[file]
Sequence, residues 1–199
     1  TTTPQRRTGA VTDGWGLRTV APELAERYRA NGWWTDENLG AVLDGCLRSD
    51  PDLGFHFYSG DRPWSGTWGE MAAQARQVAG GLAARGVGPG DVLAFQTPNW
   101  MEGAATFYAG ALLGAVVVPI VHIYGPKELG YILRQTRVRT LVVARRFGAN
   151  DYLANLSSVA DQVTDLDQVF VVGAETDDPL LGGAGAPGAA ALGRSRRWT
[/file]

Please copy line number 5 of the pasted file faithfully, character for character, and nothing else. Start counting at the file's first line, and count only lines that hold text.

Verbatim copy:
   151  DYLANLSSVA DQVTDLDQVF VVGAETDDPL LGGAGAPGAA ALGRSRRWT